70% Alcohol Battles Against Super Bacteria?

70% Alcohol Battles Against Super Bacteria?

New reports indicate that alcohol hand washes and sanitizers are losing the battle against super strains of Enterococcal bacteria.

Educating practitioners and patients on the when, where, and why of hand sanitization within healthcare facilities has led to a pronounced decline in MRSA and HAIs for the greater part of the last 20 years. Meanwhile, “what” we wash our hands with may require new solutions.

Studies Show Super-Bacteria with 10x Resistance to Alcohol Disinfection (IPA) than In Previous Decades

A new study published in August 2018 from Science Transition Medicine, shows a pronounced growth in bacterial resistant to alcohol-based disinfectants. 70% alcohol-based scrubs are a cornerstone of disinfection for hand washing, but also as a surface treatment for both general and critical spaces. When compared with data collected on E. faecium isolates between 1997 and 2015, newer isolates showed 10x more tolerance to alcohol than those previous to 2010.

Genetic Mutations in E. Faecium

Bacterial genomic signatures showed a mutation in genes with altered carbohydrate uptake and metabolism function. 70% alcohol destabilizes a unicellular organisms membrane, therefore rendering bacteria inert. If bacteria were to mutate in a way that its lipid or protein composition would change, alcohol would lose efficacy. If genetic selection increases membrane resistance without hindering primary cell functions, super-resistance is likely. Consequently, the standard contact times associated with disinfection may increase, thus hindering the fast acting advantages of isopropyl alcohol solutions.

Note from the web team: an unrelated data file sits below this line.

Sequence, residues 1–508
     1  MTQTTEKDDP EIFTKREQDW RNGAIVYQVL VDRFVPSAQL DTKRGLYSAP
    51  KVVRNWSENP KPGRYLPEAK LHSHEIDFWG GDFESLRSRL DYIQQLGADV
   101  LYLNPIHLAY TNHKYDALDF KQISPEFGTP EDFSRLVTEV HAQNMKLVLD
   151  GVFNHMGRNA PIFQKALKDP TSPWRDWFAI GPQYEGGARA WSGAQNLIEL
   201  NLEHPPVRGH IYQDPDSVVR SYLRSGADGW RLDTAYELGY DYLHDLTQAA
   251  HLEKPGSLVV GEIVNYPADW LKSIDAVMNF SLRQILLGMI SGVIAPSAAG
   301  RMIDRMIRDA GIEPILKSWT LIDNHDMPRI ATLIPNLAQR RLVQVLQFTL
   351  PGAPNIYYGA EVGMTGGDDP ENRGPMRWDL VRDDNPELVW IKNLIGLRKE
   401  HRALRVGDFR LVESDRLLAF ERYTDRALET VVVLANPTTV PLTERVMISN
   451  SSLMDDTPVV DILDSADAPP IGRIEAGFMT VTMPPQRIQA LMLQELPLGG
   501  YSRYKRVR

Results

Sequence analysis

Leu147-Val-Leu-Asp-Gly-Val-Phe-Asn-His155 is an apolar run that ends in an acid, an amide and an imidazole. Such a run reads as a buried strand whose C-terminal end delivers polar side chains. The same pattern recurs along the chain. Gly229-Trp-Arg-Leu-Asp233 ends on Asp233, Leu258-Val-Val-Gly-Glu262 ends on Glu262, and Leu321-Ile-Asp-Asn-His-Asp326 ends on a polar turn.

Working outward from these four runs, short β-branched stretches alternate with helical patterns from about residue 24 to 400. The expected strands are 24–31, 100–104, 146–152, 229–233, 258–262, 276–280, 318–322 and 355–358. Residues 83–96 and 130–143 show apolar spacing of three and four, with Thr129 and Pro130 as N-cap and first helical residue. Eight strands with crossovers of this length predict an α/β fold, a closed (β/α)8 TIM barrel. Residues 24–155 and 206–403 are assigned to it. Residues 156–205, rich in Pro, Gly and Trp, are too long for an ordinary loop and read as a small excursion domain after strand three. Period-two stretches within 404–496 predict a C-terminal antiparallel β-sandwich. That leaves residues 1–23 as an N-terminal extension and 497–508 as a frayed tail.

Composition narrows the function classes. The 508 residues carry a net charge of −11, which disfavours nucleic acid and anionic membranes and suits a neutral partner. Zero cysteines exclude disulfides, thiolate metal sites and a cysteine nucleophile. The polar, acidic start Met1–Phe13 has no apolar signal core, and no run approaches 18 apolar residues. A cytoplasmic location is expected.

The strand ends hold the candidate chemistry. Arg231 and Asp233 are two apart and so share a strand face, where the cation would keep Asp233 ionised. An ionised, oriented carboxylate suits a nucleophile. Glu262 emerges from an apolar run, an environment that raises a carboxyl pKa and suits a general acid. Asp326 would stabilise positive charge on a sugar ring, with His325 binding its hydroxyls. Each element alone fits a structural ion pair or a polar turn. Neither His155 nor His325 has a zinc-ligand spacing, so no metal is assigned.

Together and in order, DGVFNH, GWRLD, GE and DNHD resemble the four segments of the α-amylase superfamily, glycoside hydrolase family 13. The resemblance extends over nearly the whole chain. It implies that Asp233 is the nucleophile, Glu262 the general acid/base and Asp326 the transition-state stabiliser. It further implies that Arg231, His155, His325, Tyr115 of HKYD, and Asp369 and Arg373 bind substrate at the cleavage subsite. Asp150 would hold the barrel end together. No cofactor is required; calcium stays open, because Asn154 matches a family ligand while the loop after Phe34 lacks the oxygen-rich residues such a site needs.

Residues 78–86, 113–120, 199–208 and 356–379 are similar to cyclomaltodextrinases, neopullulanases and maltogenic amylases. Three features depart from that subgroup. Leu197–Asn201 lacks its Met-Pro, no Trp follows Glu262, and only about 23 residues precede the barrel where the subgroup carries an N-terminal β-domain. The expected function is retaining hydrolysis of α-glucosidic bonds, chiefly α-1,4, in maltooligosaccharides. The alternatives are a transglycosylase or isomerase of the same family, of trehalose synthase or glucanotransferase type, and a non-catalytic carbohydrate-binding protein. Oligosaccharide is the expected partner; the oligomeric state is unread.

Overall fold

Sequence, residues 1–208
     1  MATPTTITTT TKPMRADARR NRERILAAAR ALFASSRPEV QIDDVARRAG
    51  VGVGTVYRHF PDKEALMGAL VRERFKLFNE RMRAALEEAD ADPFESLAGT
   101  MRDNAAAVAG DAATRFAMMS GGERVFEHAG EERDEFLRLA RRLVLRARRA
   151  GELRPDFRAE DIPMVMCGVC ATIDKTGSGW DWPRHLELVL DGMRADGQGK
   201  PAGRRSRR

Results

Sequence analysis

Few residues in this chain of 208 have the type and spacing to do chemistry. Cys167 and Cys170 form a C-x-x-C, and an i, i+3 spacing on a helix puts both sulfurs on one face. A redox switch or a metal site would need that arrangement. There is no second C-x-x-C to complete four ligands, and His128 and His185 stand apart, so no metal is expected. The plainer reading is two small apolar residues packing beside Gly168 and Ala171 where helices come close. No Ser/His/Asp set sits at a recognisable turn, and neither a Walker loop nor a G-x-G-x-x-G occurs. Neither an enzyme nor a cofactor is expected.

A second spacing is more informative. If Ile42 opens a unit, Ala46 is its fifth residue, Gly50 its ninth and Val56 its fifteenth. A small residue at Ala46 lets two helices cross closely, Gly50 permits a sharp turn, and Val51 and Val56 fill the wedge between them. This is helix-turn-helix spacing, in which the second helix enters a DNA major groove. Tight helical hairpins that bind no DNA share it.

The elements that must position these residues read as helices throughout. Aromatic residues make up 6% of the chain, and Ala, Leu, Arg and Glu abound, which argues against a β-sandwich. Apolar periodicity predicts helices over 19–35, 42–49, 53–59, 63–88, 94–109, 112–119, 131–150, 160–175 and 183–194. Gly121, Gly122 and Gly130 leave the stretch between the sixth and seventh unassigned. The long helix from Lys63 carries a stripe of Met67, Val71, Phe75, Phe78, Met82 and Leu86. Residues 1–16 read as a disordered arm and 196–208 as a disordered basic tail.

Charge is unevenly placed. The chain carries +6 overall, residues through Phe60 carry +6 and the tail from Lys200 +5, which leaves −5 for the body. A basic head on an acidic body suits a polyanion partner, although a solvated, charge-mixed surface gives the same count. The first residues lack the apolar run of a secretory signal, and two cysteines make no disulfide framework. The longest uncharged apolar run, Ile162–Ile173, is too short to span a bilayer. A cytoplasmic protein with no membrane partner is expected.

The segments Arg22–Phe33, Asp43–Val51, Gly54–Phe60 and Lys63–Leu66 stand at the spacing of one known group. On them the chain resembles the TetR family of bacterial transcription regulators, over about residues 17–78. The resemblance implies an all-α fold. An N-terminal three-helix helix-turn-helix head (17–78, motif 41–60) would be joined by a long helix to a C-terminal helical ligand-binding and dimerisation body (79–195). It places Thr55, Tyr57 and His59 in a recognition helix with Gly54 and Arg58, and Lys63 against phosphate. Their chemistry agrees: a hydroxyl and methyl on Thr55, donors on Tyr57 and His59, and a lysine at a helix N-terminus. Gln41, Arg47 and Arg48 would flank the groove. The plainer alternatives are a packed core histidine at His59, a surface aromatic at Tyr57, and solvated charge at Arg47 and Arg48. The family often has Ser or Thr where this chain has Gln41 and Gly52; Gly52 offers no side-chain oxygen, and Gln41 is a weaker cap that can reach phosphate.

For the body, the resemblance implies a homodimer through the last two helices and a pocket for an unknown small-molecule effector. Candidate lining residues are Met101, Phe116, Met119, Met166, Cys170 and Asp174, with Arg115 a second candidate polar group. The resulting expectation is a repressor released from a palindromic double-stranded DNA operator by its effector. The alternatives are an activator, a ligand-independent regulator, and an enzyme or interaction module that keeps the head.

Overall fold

NASA Confirms Alcohol Resistance Bacteria Strains

NASA cleanrooms for space technology require stringent cleanliness. Mitigating microbes prevents the possibility that a spacecraft becomes a vector of disease for extra-terrestrial life. NASA has reported strains of Acinetobacter that can break down isopropyl alcohol, while also withstanding treatment with hydrogen peroxide, bleaches, detergents, and other disinfectants. Evaluating the impact of hand washing on healthcare is not without controversy, as randomized and controlled trials are difficult to repeat. For the time being, it is within good evidence that alcohol-based disinfectants will remain as a preventative measure against pathogens and viruses.

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